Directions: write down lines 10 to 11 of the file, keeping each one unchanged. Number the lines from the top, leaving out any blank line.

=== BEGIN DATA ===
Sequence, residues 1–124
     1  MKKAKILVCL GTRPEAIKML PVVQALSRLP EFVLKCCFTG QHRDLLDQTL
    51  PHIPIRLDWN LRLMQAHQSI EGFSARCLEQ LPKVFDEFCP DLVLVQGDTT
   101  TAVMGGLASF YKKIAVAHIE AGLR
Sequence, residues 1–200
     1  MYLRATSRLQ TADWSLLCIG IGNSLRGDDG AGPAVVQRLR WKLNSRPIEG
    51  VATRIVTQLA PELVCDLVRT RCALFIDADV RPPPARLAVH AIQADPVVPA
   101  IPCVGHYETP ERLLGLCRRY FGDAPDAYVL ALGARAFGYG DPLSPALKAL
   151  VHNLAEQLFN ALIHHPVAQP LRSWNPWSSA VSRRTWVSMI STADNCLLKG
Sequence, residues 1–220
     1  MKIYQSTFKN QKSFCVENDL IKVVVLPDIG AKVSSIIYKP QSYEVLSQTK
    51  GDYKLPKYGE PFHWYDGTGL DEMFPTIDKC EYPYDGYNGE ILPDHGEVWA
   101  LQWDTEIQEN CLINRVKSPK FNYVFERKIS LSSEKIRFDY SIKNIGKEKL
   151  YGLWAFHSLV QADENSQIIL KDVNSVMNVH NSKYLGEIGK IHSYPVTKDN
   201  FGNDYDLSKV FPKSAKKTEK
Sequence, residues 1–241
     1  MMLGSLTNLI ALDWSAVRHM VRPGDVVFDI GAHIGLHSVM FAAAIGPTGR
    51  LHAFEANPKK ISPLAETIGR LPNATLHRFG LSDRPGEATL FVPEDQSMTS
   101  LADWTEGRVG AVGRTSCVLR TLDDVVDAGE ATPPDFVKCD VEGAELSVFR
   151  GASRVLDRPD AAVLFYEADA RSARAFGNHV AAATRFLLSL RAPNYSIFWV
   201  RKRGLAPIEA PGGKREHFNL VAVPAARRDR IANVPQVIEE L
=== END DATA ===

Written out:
Sequence, residues 1–220
     1  MKIYQSTFKN QKSFCVENDL IKVVVLPDIG AKVSSIIYKP QSYEVLSQTK